Medium Raw

In 2010 Harper Collins published Anthony Bourdain’s 10th book. This July I read it in a few quick bites over about 48 hours. I long refused to return it to the library because just enough just-thoughtful-enough insights reside within its pages that I want to write them down. Which makes this neither a book report nor a book review. Book reviort?

If you don’t know who Anthony Bourdain is, then I will guess that you are new to food writing and ‘food porn’ (as the rise of visually and celebrity driven food shows, channels and products is very aptly called). Love him or hate him, Tony is unavoidable. He has incredible charisma, a lust for profanity and consistent failings of brain-to-mouth discipline that are genuine enough to rise above schtick. Regrettably he is too often reduced to sound-bites (search “Bourdainisms”), which might be why I prefer reading his essays. I’ve seen enough episodes of No Reservations to have a good sonic memory of his voice and his writing is edited to mimic his patter. Words on the page, writer to writer, is where Tony makes an impact on me.

And make an impact he does. I will not try to sell him as some incontrovertible muse of cuisine vérité, but a) life grows wisdom, period. And AB has had more life than I have. And b) I think Tony is pretty honest and pretty present. He is aware of when he is being an ignoramus. He doesn’t try to BS it away. He has honest remorse about it and he (apparently) gets on with his life. We should all be so real.

That said, I like his writings. I think I would like the man if I ever met him. And I consider several of the essays in this book worth mentioning. Medium Raw contains 21 essays. One is a prologue. One is an epilogue. Stylistically, there was no reason to separate them, but I did not package this book. You could down the whole thing poolside or beachside  in one day and still have time left over to luxuriously shower and dress for dinner. But Bourdain is infinitely snackable and, I think, more enjoyable that way. So nibble. Stretch out the experience and if for some reason you can’t eat the whole thing, I recommended the following flavors.

The best essay in the book, hands down, is #18 “My Aim is True” about Justo Thomas who cuts fish for Le Bernardin. Bourdain actually writes about people very well and there are many layers to this essay, effortlessly and seemingly unintentionally.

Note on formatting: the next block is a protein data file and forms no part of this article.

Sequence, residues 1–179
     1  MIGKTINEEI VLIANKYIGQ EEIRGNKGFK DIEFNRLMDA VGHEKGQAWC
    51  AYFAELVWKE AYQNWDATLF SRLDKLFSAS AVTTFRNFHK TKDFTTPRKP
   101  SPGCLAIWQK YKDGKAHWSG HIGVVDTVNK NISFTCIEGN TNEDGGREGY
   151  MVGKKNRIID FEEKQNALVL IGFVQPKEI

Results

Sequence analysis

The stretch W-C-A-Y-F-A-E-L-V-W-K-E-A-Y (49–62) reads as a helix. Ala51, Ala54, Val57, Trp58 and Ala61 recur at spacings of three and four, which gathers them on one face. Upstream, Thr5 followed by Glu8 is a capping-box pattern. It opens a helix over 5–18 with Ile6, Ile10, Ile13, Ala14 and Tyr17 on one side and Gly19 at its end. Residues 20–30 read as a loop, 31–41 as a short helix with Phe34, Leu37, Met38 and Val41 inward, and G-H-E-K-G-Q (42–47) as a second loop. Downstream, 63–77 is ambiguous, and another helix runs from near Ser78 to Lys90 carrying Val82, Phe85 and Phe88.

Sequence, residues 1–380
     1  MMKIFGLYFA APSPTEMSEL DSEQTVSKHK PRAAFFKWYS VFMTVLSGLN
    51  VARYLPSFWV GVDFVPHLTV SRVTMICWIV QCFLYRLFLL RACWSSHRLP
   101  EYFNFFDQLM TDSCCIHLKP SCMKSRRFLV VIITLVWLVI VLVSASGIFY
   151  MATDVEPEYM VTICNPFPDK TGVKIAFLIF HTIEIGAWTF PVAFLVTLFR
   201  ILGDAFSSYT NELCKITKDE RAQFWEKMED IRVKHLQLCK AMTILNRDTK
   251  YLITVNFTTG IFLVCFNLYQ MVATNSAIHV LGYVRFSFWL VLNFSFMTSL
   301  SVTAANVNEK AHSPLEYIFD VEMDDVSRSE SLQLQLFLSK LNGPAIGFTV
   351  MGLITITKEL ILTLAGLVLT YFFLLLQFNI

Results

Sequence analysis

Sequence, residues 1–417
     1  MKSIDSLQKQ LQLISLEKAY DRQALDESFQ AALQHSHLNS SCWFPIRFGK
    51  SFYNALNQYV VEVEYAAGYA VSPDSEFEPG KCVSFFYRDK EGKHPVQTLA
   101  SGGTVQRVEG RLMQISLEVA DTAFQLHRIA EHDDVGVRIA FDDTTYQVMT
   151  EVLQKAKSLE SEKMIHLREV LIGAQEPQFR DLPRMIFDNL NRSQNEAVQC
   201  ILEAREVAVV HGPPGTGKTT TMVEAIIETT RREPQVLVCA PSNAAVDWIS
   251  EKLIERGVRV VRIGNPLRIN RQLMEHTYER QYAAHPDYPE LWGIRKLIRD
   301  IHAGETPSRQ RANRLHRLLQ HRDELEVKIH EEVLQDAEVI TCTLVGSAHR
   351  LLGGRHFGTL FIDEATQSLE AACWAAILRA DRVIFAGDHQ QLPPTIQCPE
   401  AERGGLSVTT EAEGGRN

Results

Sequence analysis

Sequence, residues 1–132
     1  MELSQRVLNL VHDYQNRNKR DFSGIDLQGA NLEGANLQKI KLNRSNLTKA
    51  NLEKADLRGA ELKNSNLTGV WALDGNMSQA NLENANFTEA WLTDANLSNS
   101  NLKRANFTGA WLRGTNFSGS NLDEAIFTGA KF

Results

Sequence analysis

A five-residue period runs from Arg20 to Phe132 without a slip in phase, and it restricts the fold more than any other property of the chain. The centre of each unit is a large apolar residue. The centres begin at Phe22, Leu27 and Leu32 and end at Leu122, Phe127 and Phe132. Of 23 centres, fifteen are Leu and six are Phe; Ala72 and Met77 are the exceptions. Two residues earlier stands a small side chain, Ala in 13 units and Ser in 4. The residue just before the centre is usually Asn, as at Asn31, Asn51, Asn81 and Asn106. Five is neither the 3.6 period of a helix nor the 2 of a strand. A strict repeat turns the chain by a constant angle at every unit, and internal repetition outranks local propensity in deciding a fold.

As a nascent butcher, I was pleased to see essay #9 “Meat”. I will promote anyone who brings issues about meat and meat production in this country to the light of day. To paraphrase the old bumper sticker, if you are not angry about meat, you are not paying attention. Read Bourdain’s thoughts. Get pissed. Go do something about it.

I have mentioned “So You Wanna Be a Chef” (#5) and “Lust”(#8) in other posts. If you’re in that deep you might as well read “I Drink Alone” (#4). But don’t give up without reading “It’s Not You, It’s Me.” Perhaps this only resonates with those of us lucky enough to have had so many of ‘those types’ of meals that we would disappointedly utter “Not local, organic, heritage breed, house-cured artisanally hand-built pate de campagne, again.” But Tony nails the mix of gratitude and chagrin one feels for desperately wanting a bowl of Chili flavored Top Ramen and a PBR when confronted with 12 courses of escargot, lobster reduction, osso bucco etc.

Finally, Tony’s custodial and admiring treatment of Fergus Henderson in the first vignette of “Heroes and Villains” (#13) and his observer’s look at David Chang in “The Fury” (#17) are both well worth your time.

My motivation in getting you to read these essays is the hope that some of the issues Tony raises (food costs, food safety, the marginalized folks who cook all this food for us) will spark your interest. His irreverent style illuminates real concerns about our foodstream. And if guys as cool as Tony can care, hey maybe you can care too.

Don’t forget, Medium Raw pairs well with just about anything. But sip cautiously. You will often be laughing so hard it may come out of your nose.

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